The long-term goal of this research project is to understand the molecular and neural mechanisms governing energy homeostasis. Brain-derived neurotrophic factor (BDNF) plays crucial roles in energy balance, as mutations in the genes for BDNF and its receptor TrkB lead to obesity in both mice and humans;however, the precise role of BDNF in the regulation of body weight remains unknown. The organization and activity of hypothalamic neural circuits plays a critical role in the control of energy balance and BDNF is a potent regulator of neuronal development and synaptic plasticity. This application proposes to test the hypothesis that BDNF controls body weight by regulating the formation of neural circuits in the mediobasal hypothalamus that are known to control energy balance. Defects in axonal growth, synaptogenesis, and spine development will alter the development of hypothalamic circuits, which will in turn impair hypothalamic integration of signals reflecting states of nutrition and fat stores.
Aim 1 will determine if TrkB-expressing neurons in the arcuate nucleus (ARC) respond to changes in feeding status and investigate if BDNF regulates axonal growth of these neurons using both in vivo and in vitro approaches.
Aim 2 will investigate if BDNF differentially regulates the formation of excitatory and inhibitory synapses in ARC neurons expresing either neuropeptide Y or proopiomelanocortin using both immunohistochemistry against presynaptic markers and whole-cell patch-clamp recordings.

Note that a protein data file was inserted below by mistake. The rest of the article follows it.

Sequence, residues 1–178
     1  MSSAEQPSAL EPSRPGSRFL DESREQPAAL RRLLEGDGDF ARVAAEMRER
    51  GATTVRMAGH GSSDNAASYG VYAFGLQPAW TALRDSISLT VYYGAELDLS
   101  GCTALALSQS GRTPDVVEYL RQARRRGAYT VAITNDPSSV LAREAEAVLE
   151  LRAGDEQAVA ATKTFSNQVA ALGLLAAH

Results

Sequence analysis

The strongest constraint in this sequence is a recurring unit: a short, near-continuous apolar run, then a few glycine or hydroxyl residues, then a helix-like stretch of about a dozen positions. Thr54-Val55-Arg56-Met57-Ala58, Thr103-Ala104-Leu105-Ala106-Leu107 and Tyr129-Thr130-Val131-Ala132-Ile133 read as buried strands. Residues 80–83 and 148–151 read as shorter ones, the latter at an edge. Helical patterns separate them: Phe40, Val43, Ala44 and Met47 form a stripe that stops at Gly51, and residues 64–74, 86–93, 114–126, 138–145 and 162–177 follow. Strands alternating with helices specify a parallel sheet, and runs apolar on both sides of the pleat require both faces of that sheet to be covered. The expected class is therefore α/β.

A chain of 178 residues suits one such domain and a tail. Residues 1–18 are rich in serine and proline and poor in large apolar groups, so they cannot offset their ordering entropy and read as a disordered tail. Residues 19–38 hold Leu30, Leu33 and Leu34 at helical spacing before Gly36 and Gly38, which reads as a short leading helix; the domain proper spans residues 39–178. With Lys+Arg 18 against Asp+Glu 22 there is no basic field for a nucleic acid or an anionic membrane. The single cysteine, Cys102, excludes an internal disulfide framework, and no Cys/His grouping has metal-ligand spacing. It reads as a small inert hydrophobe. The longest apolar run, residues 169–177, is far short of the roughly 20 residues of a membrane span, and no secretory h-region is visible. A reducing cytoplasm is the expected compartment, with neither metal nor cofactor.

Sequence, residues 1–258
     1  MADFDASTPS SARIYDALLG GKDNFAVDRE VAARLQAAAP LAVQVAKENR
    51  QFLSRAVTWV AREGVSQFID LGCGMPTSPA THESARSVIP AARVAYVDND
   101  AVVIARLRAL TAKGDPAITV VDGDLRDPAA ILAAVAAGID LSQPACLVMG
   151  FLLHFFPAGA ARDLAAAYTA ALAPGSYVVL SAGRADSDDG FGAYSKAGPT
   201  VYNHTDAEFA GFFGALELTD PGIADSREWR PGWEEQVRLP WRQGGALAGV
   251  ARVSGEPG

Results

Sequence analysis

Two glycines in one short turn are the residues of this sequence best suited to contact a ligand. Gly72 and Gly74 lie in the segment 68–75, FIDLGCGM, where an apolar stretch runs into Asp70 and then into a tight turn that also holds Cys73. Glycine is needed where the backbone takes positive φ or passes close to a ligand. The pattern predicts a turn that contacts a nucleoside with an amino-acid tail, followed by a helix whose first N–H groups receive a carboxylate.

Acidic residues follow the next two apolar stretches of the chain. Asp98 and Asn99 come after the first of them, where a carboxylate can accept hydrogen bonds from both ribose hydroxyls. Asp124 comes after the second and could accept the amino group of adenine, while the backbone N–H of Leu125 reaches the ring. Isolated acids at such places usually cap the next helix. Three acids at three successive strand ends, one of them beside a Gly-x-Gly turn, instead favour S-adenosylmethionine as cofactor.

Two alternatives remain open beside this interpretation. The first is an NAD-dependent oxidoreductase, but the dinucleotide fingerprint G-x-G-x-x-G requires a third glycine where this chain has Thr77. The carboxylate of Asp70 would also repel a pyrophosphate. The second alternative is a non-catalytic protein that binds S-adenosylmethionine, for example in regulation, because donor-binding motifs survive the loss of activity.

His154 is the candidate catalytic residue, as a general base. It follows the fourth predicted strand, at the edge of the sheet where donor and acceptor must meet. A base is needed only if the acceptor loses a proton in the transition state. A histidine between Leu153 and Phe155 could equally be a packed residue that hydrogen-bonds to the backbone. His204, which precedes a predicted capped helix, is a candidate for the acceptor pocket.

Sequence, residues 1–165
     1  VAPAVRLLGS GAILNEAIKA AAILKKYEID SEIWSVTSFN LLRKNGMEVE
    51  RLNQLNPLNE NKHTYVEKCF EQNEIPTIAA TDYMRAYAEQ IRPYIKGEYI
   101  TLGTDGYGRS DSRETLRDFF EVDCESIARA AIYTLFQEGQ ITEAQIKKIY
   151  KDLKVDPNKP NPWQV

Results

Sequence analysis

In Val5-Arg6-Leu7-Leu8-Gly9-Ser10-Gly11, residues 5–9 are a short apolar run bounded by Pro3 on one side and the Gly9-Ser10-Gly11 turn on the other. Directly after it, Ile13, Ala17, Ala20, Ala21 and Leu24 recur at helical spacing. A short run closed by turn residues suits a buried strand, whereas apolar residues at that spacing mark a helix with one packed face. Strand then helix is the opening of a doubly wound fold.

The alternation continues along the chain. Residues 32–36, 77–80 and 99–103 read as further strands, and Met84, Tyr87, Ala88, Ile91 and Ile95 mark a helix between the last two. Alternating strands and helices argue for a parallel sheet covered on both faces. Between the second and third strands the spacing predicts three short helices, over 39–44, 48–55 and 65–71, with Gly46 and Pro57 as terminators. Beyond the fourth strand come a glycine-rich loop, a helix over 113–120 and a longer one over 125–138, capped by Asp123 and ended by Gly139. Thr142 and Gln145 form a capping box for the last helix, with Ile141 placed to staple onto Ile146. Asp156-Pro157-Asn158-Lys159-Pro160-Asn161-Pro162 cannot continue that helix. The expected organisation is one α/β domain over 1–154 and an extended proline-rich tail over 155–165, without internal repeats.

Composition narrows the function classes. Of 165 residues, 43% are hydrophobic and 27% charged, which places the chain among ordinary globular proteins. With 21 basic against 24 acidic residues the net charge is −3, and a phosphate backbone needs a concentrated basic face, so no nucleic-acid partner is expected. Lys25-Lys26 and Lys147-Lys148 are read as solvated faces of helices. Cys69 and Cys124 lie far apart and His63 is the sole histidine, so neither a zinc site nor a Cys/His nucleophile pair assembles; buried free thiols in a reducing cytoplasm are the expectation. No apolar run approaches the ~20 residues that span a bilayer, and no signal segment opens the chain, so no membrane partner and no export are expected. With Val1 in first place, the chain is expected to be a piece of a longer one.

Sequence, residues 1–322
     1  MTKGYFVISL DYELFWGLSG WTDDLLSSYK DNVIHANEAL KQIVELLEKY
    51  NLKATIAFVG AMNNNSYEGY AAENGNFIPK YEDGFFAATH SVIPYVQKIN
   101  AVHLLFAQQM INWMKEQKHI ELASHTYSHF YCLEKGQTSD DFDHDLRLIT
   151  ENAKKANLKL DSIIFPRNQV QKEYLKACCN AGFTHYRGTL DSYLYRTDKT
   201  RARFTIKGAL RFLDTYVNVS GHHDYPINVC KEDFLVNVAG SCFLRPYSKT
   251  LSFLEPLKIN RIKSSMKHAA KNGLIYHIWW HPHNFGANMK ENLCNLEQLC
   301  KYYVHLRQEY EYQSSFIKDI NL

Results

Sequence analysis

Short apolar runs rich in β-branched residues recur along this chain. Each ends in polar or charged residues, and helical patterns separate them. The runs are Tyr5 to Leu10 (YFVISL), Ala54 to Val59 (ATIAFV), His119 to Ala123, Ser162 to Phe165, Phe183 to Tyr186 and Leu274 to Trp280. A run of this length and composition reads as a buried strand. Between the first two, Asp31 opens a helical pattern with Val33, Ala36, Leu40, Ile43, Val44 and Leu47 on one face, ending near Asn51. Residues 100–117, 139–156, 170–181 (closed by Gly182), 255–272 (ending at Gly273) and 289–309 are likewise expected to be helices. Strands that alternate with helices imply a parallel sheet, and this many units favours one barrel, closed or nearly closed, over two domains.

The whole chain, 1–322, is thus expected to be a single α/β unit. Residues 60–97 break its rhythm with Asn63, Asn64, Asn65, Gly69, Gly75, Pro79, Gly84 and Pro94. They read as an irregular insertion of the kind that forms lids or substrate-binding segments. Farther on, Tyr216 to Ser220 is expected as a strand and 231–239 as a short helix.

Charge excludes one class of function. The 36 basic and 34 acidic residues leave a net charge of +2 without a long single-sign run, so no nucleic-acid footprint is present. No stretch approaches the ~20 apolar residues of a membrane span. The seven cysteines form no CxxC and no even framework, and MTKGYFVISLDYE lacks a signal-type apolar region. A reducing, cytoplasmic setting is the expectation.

Aim 3 will determine if TrkB in the dorsomedial hypothalamus (DMH) is required for the control of energy balance and if the number and shape of dendritic spines on TrkB-expressing DMH neurons are altered in mutant mice that lack local BDNF synthesis and develop severe obesity. Findings from this proposed project would provide insights into the mechanism by which BDNF regulates energy balance as well as the role of structural changes in hypothalamic neural circuits in the development of obesity.
Obesity has become a leading health issue in this country due to its high prevalence and associated disorders. Despite the enormous economic cost of obesity, no effective treatments for obesity are currently available. Continuing research efforts to understand the molecular, cellular, and physiological processes regulating energy homeostasis are needed in order to develop effective and safe anti-obesity therapies.
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